Vision – The first lesson in leadership is that you better know where you want to go or you will never get there. Or as the late Eric Hoffer once put it: “When one does not know what one wants or needs, one can never have enough.” States need to create a vision of what health care in Colorado or California or Oklahoma or Alabama would look like. This will of course take work and the first visions will be abominations, but we have to work at it and the best way to do that is to get started. Some states like California may be too large and we will need visions for the Bay Area, or the Valley or the LA basin. There are a number of public and private venues for this work to begin.
Conversation – Visions are not technical, they are aspirational. To get a vision that works across our varied economic, political and social landscapes, we will need leaders who are courageous enough to engender a wide and deep consideration about what health and heath care means in every state. The closest any state has come to this was Oregon under Governor John Kitzhaber’s leadership more than twenty years ago. The discussion Kitzhaber lead not only shaped policy it also educated individuals about what could be afforded, what choices needed to be made and how personal responsibility was an essential part of the solution. Nothing gets done without this conversation becoming part of every state’s culture.
Concession – We don’t move forward without a willingness to give up some of the perceived gains of the status quo. Every one of us in health care benefits from keeping things as they have been. Even the reformers -- if things change tomorrow, we’re out of a job. Here is the hat trick of the next decade: change the system without too dramatically changing the well-being of the incumbents. This probably means not creating resources that we don’t need – machines, professionals, beds, buildings – and thinking creatively how we can deliver better outcomes with the resources that we have. Of course this will be done far more easily if we have a greater good to work toward. Something like Health Commons.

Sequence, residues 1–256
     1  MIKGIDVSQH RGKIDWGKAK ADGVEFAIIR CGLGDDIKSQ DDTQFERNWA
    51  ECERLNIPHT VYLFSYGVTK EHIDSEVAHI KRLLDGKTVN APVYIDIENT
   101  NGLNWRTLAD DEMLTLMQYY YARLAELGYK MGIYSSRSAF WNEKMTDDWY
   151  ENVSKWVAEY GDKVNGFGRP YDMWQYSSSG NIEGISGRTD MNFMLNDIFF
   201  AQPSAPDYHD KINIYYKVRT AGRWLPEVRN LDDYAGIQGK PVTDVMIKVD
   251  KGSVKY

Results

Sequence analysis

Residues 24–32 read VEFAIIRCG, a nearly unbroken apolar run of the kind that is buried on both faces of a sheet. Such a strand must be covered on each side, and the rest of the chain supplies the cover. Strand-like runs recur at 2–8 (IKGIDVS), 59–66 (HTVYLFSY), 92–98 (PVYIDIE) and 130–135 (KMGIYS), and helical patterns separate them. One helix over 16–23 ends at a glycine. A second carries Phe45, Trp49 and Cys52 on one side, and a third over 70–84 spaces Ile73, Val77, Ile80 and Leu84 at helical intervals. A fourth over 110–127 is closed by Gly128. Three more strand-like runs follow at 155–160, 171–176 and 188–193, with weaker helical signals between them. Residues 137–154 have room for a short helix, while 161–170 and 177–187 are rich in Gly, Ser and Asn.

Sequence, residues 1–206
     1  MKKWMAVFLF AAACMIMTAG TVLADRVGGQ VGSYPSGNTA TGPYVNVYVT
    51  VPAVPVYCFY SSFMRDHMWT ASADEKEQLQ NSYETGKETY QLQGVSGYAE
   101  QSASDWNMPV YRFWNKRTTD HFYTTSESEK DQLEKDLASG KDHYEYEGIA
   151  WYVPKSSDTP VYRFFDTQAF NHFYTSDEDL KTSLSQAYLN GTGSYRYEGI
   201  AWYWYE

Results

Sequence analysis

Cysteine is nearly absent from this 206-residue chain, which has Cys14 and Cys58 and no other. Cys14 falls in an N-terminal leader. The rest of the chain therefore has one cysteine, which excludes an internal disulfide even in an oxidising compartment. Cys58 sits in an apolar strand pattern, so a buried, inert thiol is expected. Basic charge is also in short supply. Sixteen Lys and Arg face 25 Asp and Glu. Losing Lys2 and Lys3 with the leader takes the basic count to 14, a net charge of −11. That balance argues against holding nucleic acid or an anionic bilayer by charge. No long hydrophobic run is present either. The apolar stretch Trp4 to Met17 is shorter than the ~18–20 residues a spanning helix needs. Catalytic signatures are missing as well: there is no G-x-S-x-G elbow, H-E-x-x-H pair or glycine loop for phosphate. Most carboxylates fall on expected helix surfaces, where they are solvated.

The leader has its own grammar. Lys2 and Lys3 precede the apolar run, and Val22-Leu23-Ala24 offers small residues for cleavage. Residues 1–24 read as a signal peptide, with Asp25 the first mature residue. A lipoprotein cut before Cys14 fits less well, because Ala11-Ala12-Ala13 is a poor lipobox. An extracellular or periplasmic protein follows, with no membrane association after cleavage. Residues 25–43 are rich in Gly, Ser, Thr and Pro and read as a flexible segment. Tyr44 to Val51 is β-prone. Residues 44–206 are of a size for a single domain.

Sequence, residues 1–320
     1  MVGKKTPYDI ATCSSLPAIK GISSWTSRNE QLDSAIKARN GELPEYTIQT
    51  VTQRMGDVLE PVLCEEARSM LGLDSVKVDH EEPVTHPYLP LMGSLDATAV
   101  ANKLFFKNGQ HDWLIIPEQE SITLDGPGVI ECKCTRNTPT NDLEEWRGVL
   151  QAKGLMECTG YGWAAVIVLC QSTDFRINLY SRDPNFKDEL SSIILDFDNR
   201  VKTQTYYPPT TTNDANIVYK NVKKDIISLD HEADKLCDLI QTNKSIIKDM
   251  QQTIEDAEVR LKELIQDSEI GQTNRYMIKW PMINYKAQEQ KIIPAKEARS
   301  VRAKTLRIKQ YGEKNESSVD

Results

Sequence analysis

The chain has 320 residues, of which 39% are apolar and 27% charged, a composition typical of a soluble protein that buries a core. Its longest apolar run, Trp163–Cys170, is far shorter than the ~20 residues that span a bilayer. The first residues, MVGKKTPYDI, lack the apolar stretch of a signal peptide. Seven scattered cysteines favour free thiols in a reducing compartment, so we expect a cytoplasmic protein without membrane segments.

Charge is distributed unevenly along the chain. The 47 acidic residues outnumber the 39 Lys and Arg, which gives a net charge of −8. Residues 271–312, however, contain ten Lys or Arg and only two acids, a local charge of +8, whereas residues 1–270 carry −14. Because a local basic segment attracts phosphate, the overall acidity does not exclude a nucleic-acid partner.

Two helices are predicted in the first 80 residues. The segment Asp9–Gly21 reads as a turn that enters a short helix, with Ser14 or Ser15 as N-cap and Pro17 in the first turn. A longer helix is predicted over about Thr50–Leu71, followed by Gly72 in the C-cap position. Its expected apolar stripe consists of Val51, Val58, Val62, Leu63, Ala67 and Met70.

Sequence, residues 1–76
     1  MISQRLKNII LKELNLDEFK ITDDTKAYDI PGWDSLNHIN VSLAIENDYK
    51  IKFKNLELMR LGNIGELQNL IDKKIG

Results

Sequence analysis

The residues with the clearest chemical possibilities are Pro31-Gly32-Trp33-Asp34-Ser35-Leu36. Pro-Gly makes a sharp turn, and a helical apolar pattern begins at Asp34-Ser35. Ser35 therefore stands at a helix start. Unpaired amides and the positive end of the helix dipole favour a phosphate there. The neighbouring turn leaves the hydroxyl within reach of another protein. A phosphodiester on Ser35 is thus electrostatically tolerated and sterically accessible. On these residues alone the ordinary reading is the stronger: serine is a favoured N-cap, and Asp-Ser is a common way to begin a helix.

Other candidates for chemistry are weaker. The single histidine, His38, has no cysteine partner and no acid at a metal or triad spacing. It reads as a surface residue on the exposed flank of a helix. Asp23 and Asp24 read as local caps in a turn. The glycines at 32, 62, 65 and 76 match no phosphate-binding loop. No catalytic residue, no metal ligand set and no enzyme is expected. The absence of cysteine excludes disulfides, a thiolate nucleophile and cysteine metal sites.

Translational Efficiency – This is a fancy economist’s principle for how fast we take a good idea and drift it down into the economy. Think about the twenty-year downward drift of personal computers. For translational efficiency, we need four things. Firstly, we need the good ideas about how to change the practice models we use to prevent, diagnosis, treat, and manage disease, disability, and health. The good news here is that we have lots of very good evidence-based research which points to better ways of providing all that we do in health care. Secondly, we need the payment to health services to be better aligned with the outcomes we desire. This will gore some oxen, but it is essential to move forward. Thirdly, we need the skills to make the transition. This is America; we won’t dictate what everyone needs to do to remake the practice models. In fact, what we really need here is to unleash our native entrepreneurship and inventiveness. Finally, we need courageous and insightful leadership. So much better to try leading needed change than to file those pointless law suits.
We need something new to really change American health care. We don’t need anything from England or France or Cuba. What we need is a recovery of those things about our past that both sides of the political aisle value: cooperation, community, inventiveness, accountability, striving, excellence, responsibility and charity.